Continuing its downsizing strategy, Columbia/HCA Healthcare Corp. last week signed letters of intent to sell 344 home-care sites in 23 states to four companies.
The four transactions are valued at $62 million and represent about 70% of Columbia's home-care business, said Gary Koops, a Columbia spokesman.
Amedisys, a Baton Rouge, La.-based publicly traded provider of alternate-site health services, will purchase 116 Columbia home health sites in six states: Ala-bama, Georgia, Louisiana, North Carolina, Oklahoma and Tennessee. Excluding the proposed acquisitions from Columbia, Amedisys owns 25 home health nursing offices in 11 Southern states.
In another deal, Medshares, a Memphis, Tenn.-based provider and manager of home health agencies, will purchase 198 sites in eight states: Arkansas, California, South Carolina, Texas, Utah and Virginia, as well as certain operations in Indiana and Kentucky.
In a third transaction, home healthcare provider Interim HealthCare, based in Fort Lauderdale, Fla., has agreed to purchase 14 locations in Arizona, Illinois, Nevada and New Mexico.
Finally, an independent group of investors led by George Mandes and Robert Reeves will purchase Columbia home health agencies in Alaska, Idaho, Kansas, Oregon and Wyoming. Mandes and Reeves, former executives with Homecare, a Wallingford, Conn.-based home health company acquired by Wallingford-based Masonicare last year, are working with two venture capital investment firms to buy 16 agencies.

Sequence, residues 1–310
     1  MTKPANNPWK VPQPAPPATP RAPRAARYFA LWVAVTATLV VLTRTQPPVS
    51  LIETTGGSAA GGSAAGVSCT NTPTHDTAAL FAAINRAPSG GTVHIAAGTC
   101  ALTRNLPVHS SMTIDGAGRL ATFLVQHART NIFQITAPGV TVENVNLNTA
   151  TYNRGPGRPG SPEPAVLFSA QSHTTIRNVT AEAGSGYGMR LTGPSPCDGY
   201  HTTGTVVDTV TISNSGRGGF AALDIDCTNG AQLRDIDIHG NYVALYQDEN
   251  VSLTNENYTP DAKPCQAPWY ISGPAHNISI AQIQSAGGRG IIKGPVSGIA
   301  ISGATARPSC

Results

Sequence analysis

Mandes would not disclose names of the two investment firms.
All the sales are subject to federal antitrust approval.
Owings Mills, Md.-based Integrated Health Services and Melville, N.Y.-based Olsten Health Services had previously expressed interest in Columbia's home-care division. Koops would not disclose whether negotiations with those companies are pending or have failed.
Officials at IHS and Olsten declined comment.
Columbia plans to complete letters of intent for the remainder of its home-care division by the end of the third quarter, Koops said. "Our goal is to divest all of our home care," he said.
Columbia announced plans to sell its home-care operations in August 1997 as part of its strategy to restructure in the wake of a massive federal fraud investigation of the Nashville-based chain.
At that time, Columbia left open options to sell the home-care division to one buyer or piecemeal, Koops said. "As the plan moved forward, (selling piece by piece) became the best route," Koops said. "This was also the best approach to provide continuity of care."
Before the four deals, Columbia Homecare Group, based in Dallas, had 459 locations in more than 30 states. It accounts for $200 million to $400 million, or between 1% to 2%, of Columbia's revenues. The group is a target of the fraud investigation.
Buyers will be indemnified against fines and penalties stemming from the fraud investigations, Koops said.
"We're committed to doing the right thing," he said.